Magnesium Facts and Information
Magnesium is a common metal that, in the body, activates hundreds of cellular, biochemical reactions. In the nervous system, it functions as a dampener. Magnesium is the ninth most abundant element in the universe1 , and the eighth most abundant element in the Earth’s crust.2
Below you’ll find over two dozen interesting facts about magnesium — including the history of magnesium, chemical composition, and health info. on magnesium.
General Magnesium Information
Unstable in its pure state, magnesium typically forms a white coating of magnesium oxide. In nature, most of its compounds appear as white crystals. Approximately 320,000 tons of magnesium are extracted annually for commercial use.3 Magnesium is commonly extracted from seawater, where it is the third most common component.
Historic Facts About Magnesium
- Magnesium was first discovered outside of the Greek city of Magnesia.
- In 1808, Sire Humphrey Davy first isolated several of the alkaline earth metals, naming them after their oxides as barium, strontium, calcium, and magnium. Davy derived the term “magnium” from the common name for magnesium oxide: magnesia. Eventually the term magnesium replaced the term magnium in general usage.
- Magnesium was used as a curative as early as ancient times, in the form of laxatives and Epsom salts.
- In the 1600’s, water from the famous Epson spring discovered in England was a popular curative, used as an internal remedy and purifier of the blood. In 1695, magnesium sulfate as a salt was isolated from the Epsom spring water by Nehemia Grew.
- Marie de Medici, of the famous and powerful Italian family, described the healing properties of Epsom spring water as, used by “a great store of citizens” especially by “persons of quality”.4
- Richard Willstatter won the Nobel prize in 1915 for describing the nature of the structure of chlorophyll in plants, noting magnesium as the central element.
- Magnesium is regularly used in the acute treatment of eclampsia during pregnancy and acute myocardial infarction.
Magnesium’s Chemical Composition and Related Properties
- Magnesium has the atomic number 12 with 12 protons and approximately 12 neutrons inside its shell, surrounded by 12 electrons orbiting in three shells, with two valence electrons.
- The atomic weight of magnesium is 24.3050.
- Magnesium’s outer shell has only two electrons out of the ordinary eight, making it highly reactive. It cannot be found in nature as an independent compound. In seawater, for example, it is found as the salt Magnesium Chloride, comprised of one magnesium cation and two chloride anions.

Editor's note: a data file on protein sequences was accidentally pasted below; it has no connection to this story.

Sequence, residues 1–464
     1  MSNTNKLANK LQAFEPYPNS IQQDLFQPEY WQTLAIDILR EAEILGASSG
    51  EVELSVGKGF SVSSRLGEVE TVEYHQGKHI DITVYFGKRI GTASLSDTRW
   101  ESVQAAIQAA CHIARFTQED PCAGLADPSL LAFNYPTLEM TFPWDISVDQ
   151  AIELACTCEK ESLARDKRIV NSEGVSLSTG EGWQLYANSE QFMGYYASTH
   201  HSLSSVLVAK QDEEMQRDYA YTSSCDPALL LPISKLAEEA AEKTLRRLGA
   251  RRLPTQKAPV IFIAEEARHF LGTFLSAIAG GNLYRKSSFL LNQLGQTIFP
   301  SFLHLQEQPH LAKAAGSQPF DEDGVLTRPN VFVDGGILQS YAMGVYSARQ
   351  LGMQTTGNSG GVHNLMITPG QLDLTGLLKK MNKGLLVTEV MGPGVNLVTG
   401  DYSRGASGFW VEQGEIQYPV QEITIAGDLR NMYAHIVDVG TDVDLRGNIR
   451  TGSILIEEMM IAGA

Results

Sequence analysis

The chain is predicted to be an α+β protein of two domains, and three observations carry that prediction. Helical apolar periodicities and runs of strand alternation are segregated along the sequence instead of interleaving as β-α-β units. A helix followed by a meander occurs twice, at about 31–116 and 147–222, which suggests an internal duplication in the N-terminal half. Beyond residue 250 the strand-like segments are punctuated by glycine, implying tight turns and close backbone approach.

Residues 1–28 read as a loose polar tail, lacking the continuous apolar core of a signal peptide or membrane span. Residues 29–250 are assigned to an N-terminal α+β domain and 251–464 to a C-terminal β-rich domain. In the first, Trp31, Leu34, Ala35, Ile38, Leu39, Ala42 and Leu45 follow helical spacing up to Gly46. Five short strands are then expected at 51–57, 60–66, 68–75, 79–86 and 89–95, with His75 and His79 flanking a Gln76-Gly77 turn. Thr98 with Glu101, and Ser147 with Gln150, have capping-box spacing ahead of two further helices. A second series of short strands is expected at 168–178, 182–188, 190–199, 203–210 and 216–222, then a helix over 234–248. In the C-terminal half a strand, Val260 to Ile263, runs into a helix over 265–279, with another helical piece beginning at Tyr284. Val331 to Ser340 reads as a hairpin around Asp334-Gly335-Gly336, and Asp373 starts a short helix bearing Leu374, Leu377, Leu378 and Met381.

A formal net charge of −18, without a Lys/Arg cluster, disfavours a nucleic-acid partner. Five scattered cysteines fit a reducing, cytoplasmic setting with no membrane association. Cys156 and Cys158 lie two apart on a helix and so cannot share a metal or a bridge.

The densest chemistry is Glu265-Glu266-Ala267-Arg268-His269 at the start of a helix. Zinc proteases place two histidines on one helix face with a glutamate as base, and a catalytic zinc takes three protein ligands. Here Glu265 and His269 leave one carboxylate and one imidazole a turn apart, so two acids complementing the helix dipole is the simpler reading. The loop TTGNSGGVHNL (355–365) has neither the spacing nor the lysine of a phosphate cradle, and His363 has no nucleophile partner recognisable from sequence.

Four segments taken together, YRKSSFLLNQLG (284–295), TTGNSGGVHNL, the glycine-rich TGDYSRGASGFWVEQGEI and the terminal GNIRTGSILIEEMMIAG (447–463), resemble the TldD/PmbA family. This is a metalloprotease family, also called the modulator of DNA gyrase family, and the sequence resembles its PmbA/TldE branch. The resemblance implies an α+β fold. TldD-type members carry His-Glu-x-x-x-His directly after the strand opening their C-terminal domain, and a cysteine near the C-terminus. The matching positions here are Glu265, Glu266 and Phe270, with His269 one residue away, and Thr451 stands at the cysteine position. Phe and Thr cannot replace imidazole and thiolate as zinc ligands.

- On the periodic table, magnesium is known as an alkaline earth metal. Other alkaline earth metals include calcium, beryllium, barium, strontium, and radium. Strontium and radium are radioactive metals, particularly dangerous to the body because their similarity to calcium and magnesium can lead to their uptake and absorption.
Magnesium in the Body
- There are about 4-6 teaspoons of magnesium in the human body.5
- Magnesium is the fourth most abundant mineral in the body.6
- Magnesium is the second most abundant positively charged intracellular (inside the cells) ion in the body. Other positively charged cations found in the body include calcium, sodium, and potassium. Negatively charged anions include phosphate and chloride.
- Only 1% of totally body magnesium is found in the blood, the remainder is found in the bone and inside the cells of the muscles, heart and liver.
- The cells of a healthy heart contain ten times the amount of magnesium found in blood.7
- 50-60% of body magnesium is incorporated into the crystal mineral lattice of bones and teeth.8
- Magnesium absorption occurs in the small intestine and begins as early as 1 hour after ingestion in the jejunum, but primarily occurs in the ileum, or “distal” intestine.9
Interesting Health Facts About Magnesium
- Magnesium is one of six “macro-minerals”, major minerals needed by the body in larger amounts. The other five major minerals are calcium, sodium, potassium, phosphorous and chloride.
- The US RDA for magnesium in adults over age 31 is currently set at 420 mg per day for men, 320 mg per day for women, and 360 mg per day for pregnant women.10
- The average American diet contains barely over 50% of the US RDA of magnesium.10 11
- Roughly 75% of U.S. adults consume less than the recommended daily allowance (RDA) of magnesium.8 10 12 13
- 19% of U.S. adults—one in 5—consume less than half of the RDA of magnesium.13
- 50% of cases of magnesium deficiency may go unrecognized due to statistical errors in serum magnesium testing.14
- 7-11% of hospitalized patients and 65% of intensive care patients are deficient in magnesium.15 16 17
- Only about 20-50% of magnesium intake is actually absorbed by the body.9 15 18 19
- Over three dozen prescription medications interfere with magnesium absorption and retention in the body, including some antibiotics, diuretics, allergy and asthma medications, and chemotherapy treatments.8 20